Monitor 6 hourly


Magnesium usually does not need to be supplemented, but in cases with refractory hypokalaemia, the accompanying hypomagnesaemia should be addressed by supplementing magnesium at 0.375 mmol/kg/day.2

If hypomagnesaemia causes arrhythmias, it can be supplemented at 0.15–0.3 mmol/kg in saline over 15 minutes.


Normal serum total calcium levels range from 2.2–2.9 mmol/l. Ionized calcium values vary between 1–1.2 mmol/l. In most patients, calcium does not need to be supplemented.2 In some cases - for example, with puerperal tetany - calcium may need supplementation.2

Calcium is supplemented as calcium gluconate at 0.5–1.5 ml/kg of a 10% solution given slowly over 10–30 minutes while monitoring for bradycardia.

Calcium can also be added to any fluid therapy as a CRI at 10 mg/kg/h. The CRI should be discontinued if bradycardia develops.


Various drugs can be given as CRI. Examples of these drugs include medications for sedation (barbiturates), analgesia (fentanyl), pressor or inotropic effect (dopamine or dobutamine), antiarrhythmic medications (lignocaine), and specific therapies (insulin).3 CRI allows the drug to be immediately available within the circulation avoiding the delay between its administration and its effect.3 For some drugs it is important to maintain constant plasma and tissue levels in order to optimize the effect.3 This is specifically true for drugs that have very short half-lives, as is the case with fentanyl. Drugs can be given as a pure CRI using infusion syringe pumps.3 Some drugs are added to the intravenous fluids the patient is receiving throughout the day.3 In some cases where an immediate effect is required, a bolus of the drug can be given and then followed by a CRI. Examples will be used during the lecture to demonstrate the practical aspects of calculating the infusion dose of a drug. Online "drug calculators" are also available to eliminate errors in calculations.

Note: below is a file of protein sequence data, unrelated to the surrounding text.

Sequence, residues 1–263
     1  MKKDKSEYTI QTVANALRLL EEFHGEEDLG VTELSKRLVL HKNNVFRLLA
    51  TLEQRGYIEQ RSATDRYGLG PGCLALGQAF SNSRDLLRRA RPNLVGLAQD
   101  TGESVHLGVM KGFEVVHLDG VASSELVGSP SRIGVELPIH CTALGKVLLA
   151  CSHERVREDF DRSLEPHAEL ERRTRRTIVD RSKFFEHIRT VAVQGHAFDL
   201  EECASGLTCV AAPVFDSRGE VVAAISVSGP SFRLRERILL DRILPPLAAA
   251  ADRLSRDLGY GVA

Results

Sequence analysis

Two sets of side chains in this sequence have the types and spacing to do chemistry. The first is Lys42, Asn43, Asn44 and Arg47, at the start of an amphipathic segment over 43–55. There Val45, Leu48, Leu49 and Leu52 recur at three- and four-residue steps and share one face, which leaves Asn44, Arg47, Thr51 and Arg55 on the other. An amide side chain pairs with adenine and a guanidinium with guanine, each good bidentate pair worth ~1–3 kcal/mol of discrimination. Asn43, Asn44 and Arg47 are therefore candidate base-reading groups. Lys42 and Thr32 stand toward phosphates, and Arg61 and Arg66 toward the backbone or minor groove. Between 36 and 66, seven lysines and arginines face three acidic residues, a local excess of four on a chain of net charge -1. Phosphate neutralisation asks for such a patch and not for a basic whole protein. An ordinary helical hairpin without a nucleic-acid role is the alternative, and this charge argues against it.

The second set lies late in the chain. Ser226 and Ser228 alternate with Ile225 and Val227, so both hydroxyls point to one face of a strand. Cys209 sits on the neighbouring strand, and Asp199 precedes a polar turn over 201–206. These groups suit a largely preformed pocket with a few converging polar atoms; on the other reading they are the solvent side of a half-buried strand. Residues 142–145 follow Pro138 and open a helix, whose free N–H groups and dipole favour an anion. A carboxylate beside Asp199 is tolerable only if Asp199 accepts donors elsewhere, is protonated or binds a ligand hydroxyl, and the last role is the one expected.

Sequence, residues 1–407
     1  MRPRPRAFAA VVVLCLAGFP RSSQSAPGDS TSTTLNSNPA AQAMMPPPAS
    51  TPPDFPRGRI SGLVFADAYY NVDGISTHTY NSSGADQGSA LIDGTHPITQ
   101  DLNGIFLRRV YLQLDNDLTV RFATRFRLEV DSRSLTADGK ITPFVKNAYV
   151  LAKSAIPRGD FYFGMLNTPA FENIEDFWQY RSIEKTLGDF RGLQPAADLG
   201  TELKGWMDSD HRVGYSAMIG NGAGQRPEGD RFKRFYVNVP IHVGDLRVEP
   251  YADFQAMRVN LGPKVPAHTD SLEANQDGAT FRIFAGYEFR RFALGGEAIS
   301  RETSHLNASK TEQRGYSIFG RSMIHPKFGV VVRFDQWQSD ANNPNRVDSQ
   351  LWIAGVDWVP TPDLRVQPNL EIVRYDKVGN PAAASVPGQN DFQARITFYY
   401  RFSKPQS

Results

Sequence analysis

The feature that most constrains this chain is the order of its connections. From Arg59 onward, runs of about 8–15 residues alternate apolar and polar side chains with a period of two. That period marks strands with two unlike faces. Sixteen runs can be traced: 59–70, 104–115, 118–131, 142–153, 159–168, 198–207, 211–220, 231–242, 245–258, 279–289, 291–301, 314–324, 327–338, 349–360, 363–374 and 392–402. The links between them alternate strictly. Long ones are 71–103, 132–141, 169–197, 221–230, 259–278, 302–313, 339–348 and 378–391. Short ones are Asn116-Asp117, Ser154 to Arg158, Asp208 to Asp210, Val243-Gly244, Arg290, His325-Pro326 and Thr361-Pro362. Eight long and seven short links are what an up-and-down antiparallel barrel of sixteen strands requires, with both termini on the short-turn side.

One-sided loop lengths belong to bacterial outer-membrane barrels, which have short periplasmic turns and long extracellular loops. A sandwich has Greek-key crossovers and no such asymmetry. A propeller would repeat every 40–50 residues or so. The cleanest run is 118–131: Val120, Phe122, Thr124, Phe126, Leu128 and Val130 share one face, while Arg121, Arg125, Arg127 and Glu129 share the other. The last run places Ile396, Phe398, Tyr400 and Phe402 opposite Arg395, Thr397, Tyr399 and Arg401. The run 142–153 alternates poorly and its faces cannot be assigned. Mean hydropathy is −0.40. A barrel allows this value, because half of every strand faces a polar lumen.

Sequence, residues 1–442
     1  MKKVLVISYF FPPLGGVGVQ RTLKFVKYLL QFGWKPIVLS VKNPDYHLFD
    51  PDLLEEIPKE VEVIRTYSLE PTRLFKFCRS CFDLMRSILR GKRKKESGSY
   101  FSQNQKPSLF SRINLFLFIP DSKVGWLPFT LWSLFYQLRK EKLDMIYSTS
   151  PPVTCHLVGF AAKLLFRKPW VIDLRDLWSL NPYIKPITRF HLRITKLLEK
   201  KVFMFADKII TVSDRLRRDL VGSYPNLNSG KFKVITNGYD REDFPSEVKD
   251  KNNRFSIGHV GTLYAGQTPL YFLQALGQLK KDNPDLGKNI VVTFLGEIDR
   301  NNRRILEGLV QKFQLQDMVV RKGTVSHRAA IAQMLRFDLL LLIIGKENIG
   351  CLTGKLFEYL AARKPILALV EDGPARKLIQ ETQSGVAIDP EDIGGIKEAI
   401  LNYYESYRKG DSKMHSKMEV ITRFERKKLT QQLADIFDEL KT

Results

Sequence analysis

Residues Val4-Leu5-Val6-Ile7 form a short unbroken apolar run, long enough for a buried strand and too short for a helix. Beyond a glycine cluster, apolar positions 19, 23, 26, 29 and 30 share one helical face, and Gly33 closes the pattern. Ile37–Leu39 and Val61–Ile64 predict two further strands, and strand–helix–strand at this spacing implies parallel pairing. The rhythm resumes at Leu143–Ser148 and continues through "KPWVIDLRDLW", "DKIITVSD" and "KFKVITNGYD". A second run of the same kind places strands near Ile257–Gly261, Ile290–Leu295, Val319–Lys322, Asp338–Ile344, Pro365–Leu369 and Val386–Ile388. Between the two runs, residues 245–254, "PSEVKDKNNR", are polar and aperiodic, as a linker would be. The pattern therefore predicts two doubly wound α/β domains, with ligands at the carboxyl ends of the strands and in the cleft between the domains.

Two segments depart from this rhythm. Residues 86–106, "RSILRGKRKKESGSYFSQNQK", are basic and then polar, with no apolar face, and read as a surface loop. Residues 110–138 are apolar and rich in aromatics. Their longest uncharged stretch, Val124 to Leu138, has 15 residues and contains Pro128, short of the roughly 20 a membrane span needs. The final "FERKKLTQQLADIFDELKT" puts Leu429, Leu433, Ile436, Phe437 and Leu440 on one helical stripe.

It is always important to remember any possible drug interactions.3,4 For this reason, certain drugs cannot be given as CRI in the same bag of fluid. Certain drugs can also not be added to certain types of fluid. Package inserts of the individual drugs usually indicate any drug interactions that might occur.

A few examples of the most commonly used drugs in CRI solutions at Onderstepoort are listed below. For a complete list of drugs, consult the Textbook of Veterinary Internal Medicine, 6th ed., S.J. Ettinger SJ, Feldman EC. 2005.4






-0.1–0.5 mg kg/h

5% dextrose, 0.9% NaCl

See insert


2–20 µg/kg/min

5% dextrose, 0.9% NaCl

Alkaline solutions; see insert


2–5 µg/kg/min

5% dextrose, 0.9% NaCl

Alkaline solutions


0.1–1.5 µg/kg/min

5% dextrose, 0.9% NaCl

Alkaline solutions; calcium


0.3–0.7 µg/kg/min

5% dextrose

Avoid mixing with other drugs


3–8 µg/kg/min


Acidic solutions; see insert


1.1–2.2 U/kg/day

0.9% NaCl

Sodium bicarbonate; do not mix with other drugs


1–3 µg/kg/min

5% dextrose, 0.9% NaCl

Diazepam, barbiturates


50–100 µg/kg/min

5% dextrose

Alkaline solutions; other drugs


1–2 mg/kg/day

Any fluid without calcium

Sodium bicarbonate; other drugs


0.01–0.1 mg/kg/h

5% dextrose

Other drugs


0.2–1 mg/kg/h

5% dextrose, 0.9% NaCl

Other drugs


0.05–0.2 mg/kg/min

5% dextrose

Other drugs


1.  Davis H, Jensen T, Johnson A, Knowles P, Meyer R, Rucinsky R, et al. 2013 AAHA/AAFP fluid therapy guidelines for dogs and cats. J Am Anim Hosp Assoc. 2013;49:149–59.

2.  Mazzaferro E, Powell LL. Fluid therapy for the emergent small animal patient; crystalloids, colloids and albumin products. Vet Clin North Am Small Anim Pract. 2013;43:721–734.

3.  Hackett T, Hackett E. Constant rate infusions. In: Ettinger S, Feldman E, eds. Textbook of Veterinary Internal Medicine. 7th ed. St. Louis, MO: Saunders Elsevier; 2010:361–363.

4.  Dhupa N. Constant rate infusions. In: Ettinger S, Feldman E, eds. Textbook of Veterinary Internal Medicine. St. Louis, MO: Elsevier Saunders; 2005:544–550.


Speaker Information
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Mirinda van Schoor, BVSc, BVSc (Hons), MMedVet (Medicine)
Onderstepoort Veterinary Academic Hospital
Onderstepoort, South Africa